… from the bungalow

Zen and the Art of Step-Parenting


Simon and LucasHere’s something I’ve been struggling with for a few months now: How to be a loving step-parent. It’s really not as easy as, “love me, love my kid.” I’m slightly embarrassed to admit that I naively thought that to be true. When Karin and I talked about moving in together, I figured she would just love my kids because she loves me, and vice versa. However, while it’s true that you can want to take care of a child because you love his parent, you do not automatically have unconditional love for him.

I’ve heard that single moms can develop an unconscious resentment toward their own child if that child reminds them of their ex in some way. So imagine if this is not your biological child (and therefore do not have unconditional love for him–yet), and he reminds you of his father, whom you happen to know, and with whom you’ve been in an altercation… Yeah.

I’ll admit I have some resentment toward Lucas’ father. And Lucas does remind me of him. I have to think this creates a bit of an uphill battle for me. On top of that, he behaves very differently than my own kids (who are not perfect angels, themselves). Karin and I have had a few conversations that went something like this:

“Your kid is teaching my kid such-and-such behaviors.”

“Well, my kid wouldn’t have to act this way if your kid didn’t act that way.”

“Well maybe if you didn’t do this and that, your kid wouldn’t be so whatever.”

Et cetera.

Breathe. Come together. Discuss.

So what do you do? How do you develop love for someone else’s kid? Well, I’m learning a few tricks.

  1. Change your language. Don’t think of him as “someone else’s kid.” Think of him as a child. “Children” need and deserve love. “Kids” can be little jerks. Better yet, think of him as your child, which takes me to …
  2. Fake it ’til you make it. This is true for so many things in life. If you’re anything like me, most kids are not going to simply win you over with their personality. In A Treatise on Parents and Children, George Bernard Shaw wrote, “a child is a nuisance to a grown-up person.” So, rather that seeing them as an intrusion on your space and time, you spend time with them like you mean it. The change in behavior will provide opportunity for changed thought patterns, and thought patterns create beliefs.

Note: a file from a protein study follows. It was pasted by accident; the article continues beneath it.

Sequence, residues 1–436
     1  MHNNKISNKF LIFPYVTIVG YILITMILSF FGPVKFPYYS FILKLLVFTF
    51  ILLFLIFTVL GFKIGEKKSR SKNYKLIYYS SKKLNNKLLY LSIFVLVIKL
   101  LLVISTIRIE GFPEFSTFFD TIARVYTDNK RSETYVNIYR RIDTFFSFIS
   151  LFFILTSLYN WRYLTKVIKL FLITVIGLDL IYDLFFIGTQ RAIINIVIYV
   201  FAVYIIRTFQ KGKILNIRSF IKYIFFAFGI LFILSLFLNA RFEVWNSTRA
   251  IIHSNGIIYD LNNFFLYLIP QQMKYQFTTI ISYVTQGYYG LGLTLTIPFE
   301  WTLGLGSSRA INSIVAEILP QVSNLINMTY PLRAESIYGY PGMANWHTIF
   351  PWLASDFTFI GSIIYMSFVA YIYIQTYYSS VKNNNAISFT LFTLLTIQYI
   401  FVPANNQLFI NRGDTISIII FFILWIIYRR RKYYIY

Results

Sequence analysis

3. Forgive. This one’s tricky. If I carry some subconscious resentment toward the child because he reminds me of his father, who I take issue with, it only makes sense that I resolve the issue with the father, right? I don’t have to sit down with him and hash out my feelings and blah-dee-blah, but I can silently, within the space of my own heart, hold peaceful thoughts for him.

In time, it will happen. I will learn to love Lucas as my own son. It’s my desire to do so, and so it will be. But if it’s my desire, then why does it seem to be taking so long? Do I truly desire it? What’s the block?

The short answer: Fear.

I’m afraid that my kids will somehow feel slighted; that if I can love another child so easily, what is my love for them really worth? I’m afraid that I will grow attached to this child, only to have him swept away from me if something were to happen to his mother. I’m afraid…

I’ve been the primary caregiver for my two boys for most of their lives. Before my divorce, I was a stay-at-home dad. My oldest, Finn, has special needs. Believe me when I say that before Finn my life was almost meaningless compared to the things that little professor has taught me. It’s been so hard at times. It’s also been such a blessing. But when you love someone so completely, it’s devastating when things go “wrong.” (I’ll save that for a later post.)

LucasLove is risky. But you know what? In my experience, the risk is worth the reward, ten times over. Love brings blessings. So why wouldn’t I take the risk? If someone asks me a few years from now, “To what do you attribute this charmed life that you lead?” I want to be able to say in no uncertain terms, “Love. I decided a long time ago to love; freely, explicitly, and without hesitation.”

That is my desire, and so it will be. Love begins now.

Parenting (and conjecturing) from the bungalow,